Wednesday 25 April 2018

Who's Buying Ireland: International investment is a good thing

Thousands show up for the turning on of the Christmas lights on Grafton Street
Thousands show up for the turning on of the Christmas lights on Grafton Street
Richard Curran

Richard Curran

Large chunks of Ireland are being bought up, mainly by foreign investors. Office blocks, hotels, golf courses, apartments, loans and bonds are being snapped up as buyer from Russia, the United States, Israel and pretty much every else, spend billions of euro here.

That was the conclusion of the fascinating RTE TV programme by journalist Ian Kehoe, called Who Is Buying Ireland. Aside from outlining the extent, motivation and origins of the buyers, the programme also raises a few obvious questions. Is this a good or bad thing?

It isn’t a particularly difficult question to answer. The fact that we have found ourselves in this situation is very bad. But international investment coming in, is no bad thing. There are a number of myths around the buy-up of Ireland that need to be knocked on the head.

1. If a foreign investor buys a building that cost €45m for just €10m, because we bailed out the banks that lent the first guy the money, we are losing €35m.

This is not a myth but a statement of fact. However, the reality is that the money has already been lost. Some guy buying the building doesn’t make it a loss, it has already happened. He is simply fixing a price on what the loss will be. And he is stepping up where others are not.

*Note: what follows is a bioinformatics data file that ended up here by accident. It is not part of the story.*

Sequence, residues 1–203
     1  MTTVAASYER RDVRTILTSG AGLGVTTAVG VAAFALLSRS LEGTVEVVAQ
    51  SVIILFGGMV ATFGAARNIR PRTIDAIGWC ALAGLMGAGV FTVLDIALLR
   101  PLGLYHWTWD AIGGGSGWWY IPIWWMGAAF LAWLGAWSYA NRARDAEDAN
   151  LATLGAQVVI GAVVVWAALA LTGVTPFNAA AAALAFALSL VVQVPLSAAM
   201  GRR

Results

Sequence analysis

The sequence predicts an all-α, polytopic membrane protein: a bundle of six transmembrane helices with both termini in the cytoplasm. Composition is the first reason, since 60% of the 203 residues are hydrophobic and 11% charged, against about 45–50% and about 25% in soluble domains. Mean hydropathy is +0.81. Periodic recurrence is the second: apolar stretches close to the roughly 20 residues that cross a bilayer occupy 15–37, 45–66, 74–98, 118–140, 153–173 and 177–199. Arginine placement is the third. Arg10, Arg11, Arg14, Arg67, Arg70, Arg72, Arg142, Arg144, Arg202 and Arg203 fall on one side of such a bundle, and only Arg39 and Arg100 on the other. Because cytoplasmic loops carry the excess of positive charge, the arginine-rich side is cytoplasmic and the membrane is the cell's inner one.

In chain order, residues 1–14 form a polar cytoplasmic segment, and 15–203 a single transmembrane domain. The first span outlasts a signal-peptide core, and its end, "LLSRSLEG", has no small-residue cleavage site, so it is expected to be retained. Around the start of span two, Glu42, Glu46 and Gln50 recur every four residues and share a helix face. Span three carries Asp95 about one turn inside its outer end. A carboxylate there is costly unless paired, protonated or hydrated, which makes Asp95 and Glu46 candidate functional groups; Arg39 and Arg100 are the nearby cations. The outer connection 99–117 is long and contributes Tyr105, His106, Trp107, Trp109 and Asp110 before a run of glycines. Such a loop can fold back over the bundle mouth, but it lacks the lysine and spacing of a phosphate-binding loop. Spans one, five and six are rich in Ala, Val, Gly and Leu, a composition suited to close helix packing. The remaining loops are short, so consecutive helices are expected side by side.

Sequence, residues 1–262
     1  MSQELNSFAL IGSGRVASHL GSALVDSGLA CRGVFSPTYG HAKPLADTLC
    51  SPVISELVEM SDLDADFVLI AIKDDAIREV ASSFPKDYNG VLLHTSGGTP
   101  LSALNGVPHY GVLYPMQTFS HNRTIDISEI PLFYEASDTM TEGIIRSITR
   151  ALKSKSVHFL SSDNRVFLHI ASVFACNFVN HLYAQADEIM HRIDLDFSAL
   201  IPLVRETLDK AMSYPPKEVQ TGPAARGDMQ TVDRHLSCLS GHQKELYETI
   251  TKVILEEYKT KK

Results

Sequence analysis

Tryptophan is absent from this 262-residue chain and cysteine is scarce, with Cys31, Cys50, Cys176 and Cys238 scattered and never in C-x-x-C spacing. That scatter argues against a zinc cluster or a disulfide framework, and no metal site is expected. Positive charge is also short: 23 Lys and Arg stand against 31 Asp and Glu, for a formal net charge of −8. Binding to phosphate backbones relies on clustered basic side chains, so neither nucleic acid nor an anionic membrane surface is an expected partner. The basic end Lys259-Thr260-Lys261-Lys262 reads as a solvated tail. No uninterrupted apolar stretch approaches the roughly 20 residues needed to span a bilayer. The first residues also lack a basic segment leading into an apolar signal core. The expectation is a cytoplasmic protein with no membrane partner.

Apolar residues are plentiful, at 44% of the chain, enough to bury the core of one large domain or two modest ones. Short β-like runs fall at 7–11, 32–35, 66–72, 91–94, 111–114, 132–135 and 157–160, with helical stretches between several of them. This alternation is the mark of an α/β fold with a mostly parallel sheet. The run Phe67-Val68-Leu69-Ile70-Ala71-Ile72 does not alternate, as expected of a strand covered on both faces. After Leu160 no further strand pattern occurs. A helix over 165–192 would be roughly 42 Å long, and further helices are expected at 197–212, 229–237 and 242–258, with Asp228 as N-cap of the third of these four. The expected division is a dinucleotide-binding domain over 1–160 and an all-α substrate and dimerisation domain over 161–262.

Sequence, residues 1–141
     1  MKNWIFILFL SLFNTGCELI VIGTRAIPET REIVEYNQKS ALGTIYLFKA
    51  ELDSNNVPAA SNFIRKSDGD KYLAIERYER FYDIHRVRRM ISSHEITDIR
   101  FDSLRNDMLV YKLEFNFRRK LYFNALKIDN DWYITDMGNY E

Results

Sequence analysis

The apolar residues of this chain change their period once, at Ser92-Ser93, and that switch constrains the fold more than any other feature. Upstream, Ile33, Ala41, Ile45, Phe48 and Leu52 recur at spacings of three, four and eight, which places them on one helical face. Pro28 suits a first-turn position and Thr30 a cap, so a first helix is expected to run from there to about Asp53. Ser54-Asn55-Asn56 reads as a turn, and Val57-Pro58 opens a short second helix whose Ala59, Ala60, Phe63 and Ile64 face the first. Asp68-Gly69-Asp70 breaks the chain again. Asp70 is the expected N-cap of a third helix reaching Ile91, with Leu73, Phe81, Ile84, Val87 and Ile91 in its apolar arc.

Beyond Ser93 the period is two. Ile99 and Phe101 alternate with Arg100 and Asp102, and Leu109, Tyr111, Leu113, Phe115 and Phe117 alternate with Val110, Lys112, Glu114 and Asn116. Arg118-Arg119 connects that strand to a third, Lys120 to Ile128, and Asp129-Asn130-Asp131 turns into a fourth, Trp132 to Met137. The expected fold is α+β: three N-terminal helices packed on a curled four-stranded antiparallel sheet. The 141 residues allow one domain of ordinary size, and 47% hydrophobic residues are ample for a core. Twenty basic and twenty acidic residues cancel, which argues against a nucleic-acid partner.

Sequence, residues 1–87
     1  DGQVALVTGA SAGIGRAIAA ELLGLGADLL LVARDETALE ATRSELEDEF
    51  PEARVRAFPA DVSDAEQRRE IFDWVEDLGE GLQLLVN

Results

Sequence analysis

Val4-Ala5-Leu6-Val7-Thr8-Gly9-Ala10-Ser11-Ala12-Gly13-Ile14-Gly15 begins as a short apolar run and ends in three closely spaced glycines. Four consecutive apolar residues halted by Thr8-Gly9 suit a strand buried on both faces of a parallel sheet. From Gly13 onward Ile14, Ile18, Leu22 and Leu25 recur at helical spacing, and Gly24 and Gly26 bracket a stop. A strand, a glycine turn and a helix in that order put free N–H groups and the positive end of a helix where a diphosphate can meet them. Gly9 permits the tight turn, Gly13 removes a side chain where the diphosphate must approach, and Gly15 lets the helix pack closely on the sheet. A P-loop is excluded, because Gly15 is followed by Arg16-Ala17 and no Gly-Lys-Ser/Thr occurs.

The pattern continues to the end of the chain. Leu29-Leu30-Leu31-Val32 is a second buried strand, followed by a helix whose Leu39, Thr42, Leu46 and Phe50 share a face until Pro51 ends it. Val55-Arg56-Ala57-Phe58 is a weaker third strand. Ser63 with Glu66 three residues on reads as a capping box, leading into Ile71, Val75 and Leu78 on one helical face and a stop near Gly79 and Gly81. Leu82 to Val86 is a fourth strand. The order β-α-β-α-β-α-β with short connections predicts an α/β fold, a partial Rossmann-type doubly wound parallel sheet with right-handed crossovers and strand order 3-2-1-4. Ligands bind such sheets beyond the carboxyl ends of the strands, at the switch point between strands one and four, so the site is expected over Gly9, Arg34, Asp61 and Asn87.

2. After these international investors buy up everything at bargain basement prices, they will simply sweat the assets and rip us off.

Yes they will sweat the assets because they have taken a risk in buying them. But who wouldn’t sweat the assets? Would Irish buyers, if they had the money or the risk appetite, be any different? No they wouldn’t.

The fact they are buying them so cheap suggests they won’t have that much sweating to do. If these international funds hike up rents in order to maximise their return, they won’t be any different to a class of indigenous Irish investors and developers who did the very same thing during the boom with upward only rent reviews.

3. Once they are finished, they will sell the assets back to us at much higher prices.

There are different types of assets. Small retail units around the country may end up being bought back by Irish investors. But I would seriously question whether in five or seven years from now, there will be enough wealthy Irish investors, fully financed to buy back these trophy hotels, golf courses, Grafton Street buildings etc, at massive prices.

Also, if there were, it would suggest that the economy had done extremely well to repair its banking system to lend the money, and to create a coterie of wealthy Irish buyers who could afford to charge high enough rents to finance the purchase.

Property ownership is becoming more international. Is it worse to have a multi-billion dollar American investment fund owning something here, or have the Bovale Bailey brothers owning it?